I blame Roo for my new appreciation of stone bath mats.
My 13-year-old, 12-pound dog of indeterminate breeding is wonderful in many ways. She's quiet, she's a night snuggler, and she comes when called. But she hates water, and specifically, she hates rain.
During storms, we've carried her outside under an umbrella, looking ridiculous as we felt, but Roo still shook in fear as if she was going to her execution. To put it bluntly, she won't do her business outside when it's raining.
Instead, she finds a plush surface to absorb her pee. And the first one she chose was our bath mat.
I had high hopes that I could rescue that bath mat. I washed it repeatedly with Nature's Miracle (just one of many secret hacks to reclaim your house from messy pets), scrubbed it, and probably chanted over it (I really liked that bath mat). Nope. Soon it didn't need to be raining, she just saw that bath mat hit the floor and she had a Pavlovian need to pee on it.
Fine. Whatever. I ordered new bath mats. She was undeterred. Those new mats soon had their little pee spots, and there was no amount of shaming or finger-wagging that would change Roo's habit. It was time for something new.
Enter the stone bath mat.
What is a stone bath mat?
Stone bath mats work their magic using diatomaceous earth, which is the fossilized remains of tiny, aquatic organisms called diatoms. Safe for humans and animals (diatomaceous earth can even be consumed), adding stone bath mats seemed like a low-risk way to frustrate Roo's nasty habit
How much does a stone bath mat cost?
We then had the challenge of picking a stone bath mat. There are tons of stone bath mats on Amazon at price points ranging from $10 to $70. After reading some reviews (a few users complained about water pooling underneath some of the cheaper versions), we felt comfortable hitting the buy button on the Dorai Home Bath Stone.
Even if the diatomaceous earth didn't suck up water as advertised, we were eliminating the thing Roo loved most — the plush surface for maximum pee absorption. We made sure we got one that came with a rubberized, no-slip mat to keep everything in place.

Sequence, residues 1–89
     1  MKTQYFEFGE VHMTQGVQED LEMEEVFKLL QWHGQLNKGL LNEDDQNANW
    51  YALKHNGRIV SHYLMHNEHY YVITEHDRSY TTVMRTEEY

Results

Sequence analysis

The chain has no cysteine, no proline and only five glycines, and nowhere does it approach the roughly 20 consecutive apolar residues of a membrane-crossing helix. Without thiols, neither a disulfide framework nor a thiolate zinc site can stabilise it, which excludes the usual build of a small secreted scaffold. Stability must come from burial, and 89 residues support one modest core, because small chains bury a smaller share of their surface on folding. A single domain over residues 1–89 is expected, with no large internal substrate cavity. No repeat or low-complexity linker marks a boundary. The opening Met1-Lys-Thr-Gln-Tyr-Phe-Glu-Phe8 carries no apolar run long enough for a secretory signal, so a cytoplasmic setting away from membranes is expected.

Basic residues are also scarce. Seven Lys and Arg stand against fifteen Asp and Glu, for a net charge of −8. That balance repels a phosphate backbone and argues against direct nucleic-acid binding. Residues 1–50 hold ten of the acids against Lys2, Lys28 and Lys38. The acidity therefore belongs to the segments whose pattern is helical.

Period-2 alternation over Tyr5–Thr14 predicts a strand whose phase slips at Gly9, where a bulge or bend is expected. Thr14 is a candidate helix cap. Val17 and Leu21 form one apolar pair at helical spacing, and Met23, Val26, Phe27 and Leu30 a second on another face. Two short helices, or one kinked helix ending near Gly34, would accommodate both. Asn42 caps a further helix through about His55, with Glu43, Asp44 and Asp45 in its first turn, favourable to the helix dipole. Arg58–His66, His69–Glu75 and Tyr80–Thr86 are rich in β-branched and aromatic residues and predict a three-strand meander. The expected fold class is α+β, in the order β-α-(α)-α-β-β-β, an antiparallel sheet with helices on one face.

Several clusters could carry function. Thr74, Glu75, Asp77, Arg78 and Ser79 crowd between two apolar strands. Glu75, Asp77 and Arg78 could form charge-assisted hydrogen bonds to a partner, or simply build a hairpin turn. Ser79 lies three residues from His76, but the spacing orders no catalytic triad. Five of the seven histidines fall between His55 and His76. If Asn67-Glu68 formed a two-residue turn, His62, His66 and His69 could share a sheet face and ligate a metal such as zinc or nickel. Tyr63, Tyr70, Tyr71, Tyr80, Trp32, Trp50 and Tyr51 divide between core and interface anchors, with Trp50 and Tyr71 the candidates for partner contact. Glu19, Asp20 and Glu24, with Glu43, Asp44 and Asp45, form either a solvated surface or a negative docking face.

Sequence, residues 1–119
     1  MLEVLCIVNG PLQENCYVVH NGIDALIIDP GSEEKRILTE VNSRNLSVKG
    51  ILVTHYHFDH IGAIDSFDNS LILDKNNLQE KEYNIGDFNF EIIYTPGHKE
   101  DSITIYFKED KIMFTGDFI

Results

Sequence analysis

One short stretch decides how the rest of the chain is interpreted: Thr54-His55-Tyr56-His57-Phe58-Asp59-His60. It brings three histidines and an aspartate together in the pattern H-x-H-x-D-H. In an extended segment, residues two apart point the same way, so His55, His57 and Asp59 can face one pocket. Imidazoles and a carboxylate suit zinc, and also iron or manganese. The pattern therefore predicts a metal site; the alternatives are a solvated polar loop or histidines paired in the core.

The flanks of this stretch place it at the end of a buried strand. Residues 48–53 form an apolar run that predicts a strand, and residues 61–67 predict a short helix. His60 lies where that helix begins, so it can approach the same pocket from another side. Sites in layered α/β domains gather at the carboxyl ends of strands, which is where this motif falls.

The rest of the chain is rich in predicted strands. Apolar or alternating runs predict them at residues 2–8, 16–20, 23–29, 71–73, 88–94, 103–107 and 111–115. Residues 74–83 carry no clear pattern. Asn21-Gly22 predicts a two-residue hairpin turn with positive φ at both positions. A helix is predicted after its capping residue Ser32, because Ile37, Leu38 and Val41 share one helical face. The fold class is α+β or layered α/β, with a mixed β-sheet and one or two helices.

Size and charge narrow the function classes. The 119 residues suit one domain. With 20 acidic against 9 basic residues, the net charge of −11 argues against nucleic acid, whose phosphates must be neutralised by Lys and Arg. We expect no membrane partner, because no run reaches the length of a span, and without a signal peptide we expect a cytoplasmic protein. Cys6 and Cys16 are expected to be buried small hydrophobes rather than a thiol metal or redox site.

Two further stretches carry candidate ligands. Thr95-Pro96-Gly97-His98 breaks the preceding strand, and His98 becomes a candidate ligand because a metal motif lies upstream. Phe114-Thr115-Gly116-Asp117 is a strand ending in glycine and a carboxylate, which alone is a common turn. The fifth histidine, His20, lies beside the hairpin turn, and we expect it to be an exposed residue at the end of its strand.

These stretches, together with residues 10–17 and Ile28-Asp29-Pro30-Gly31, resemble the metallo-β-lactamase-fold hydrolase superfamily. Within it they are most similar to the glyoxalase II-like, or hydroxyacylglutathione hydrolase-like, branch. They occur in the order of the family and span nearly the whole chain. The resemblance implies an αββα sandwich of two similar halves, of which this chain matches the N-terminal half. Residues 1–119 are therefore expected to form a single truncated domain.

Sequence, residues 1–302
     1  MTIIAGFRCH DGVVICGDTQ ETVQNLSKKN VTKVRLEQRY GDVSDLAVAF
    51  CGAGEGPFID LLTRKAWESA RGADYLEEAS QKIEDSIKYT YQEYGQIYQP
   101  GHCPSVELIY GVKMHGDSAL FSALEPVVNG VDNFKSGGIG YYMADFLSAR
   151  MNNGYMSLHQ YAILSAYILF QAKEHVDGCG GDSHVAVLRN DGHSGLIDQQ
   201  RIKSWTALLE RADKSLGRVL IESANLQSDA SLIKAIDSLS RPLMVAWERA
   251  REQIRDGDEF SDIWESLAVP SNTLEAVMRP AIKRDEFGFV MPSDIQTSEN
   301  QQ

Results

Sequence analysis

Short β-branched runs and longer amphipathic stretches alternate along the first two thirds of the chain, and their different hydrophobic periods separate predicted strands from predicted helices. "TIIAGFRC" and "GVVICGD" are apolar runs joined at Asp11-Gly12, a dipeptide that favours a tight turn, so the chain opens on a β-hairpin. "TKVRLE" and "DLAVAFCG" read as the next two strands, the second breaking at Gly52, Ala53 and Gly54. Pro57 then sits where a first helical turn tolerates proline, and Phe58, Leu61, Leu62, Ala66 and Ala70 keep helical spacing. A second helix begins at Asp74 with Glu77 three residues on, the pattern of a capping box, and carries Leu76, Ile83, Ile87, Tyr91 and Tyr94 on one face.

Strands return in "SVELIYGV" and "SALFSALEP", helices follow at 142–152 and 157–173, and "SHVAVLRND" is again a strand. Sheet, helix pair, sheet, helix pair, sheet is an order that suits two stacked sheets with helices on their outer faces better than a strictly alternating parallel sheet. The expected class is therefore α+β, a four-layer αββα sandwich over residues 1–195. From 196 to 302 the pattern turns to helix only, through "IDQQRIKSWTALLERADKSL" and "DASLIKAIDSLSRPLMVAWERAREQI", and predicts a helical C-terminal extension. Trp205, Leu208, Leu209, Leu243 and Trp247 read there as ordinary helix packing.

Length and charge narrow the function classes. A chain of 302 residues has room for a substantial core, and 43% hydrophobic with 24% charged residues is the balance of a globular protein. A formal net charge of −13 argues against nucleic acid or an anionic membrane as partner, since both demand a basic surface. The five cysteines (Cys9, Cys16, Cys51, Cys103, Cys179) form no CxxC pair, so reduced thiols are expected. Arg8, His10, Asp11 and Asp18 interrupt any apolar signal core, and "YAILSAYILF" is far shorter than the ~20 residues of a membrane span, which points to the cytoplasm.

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Does a stone bath mat really work?
Getting out of the shower, I noticed that water evaporated as soon as it hit the mat. It wasn't cold, either, which I had expected. It didn't shift thanks to the rubberized mat, which wasn't always true of plush bath mats. It was, dare I say it, something I would have wanted even if I wasn't trying to thwart Roo's pee problem.
I also saw how the stone bath mat could work in other parts of the house. While I haven't gotten one for the kitchen to dry dishes (turns out it's another kitchen accessory you didn't know you needed) or to place under the dog's water, that's on the list. I also liked the grey color, which matches our bathroom floors, but colored stone mats seemed to be popping up on Amazon for those who want something different.
While I'll still check under the mat for pooling water, it hasn't happened yet. I'm a convert. And Roo will just have to find somewhere else to pee when it rains. Maybe I'll just keep those old bath mats for her.
@jamiefielding_ @j e s s i c a has the BEST Amazon finds! This stone drying matt is awesome and definitely my favorite Amazon find of the month! Find it in My Amazon Favorites in the HOME list. #amazonfinds#amazonhome#amazonmusthaves#amazonftw#amazonbathmatt#amazondryingmatt ♬ original sound - Jamie’s Kitchen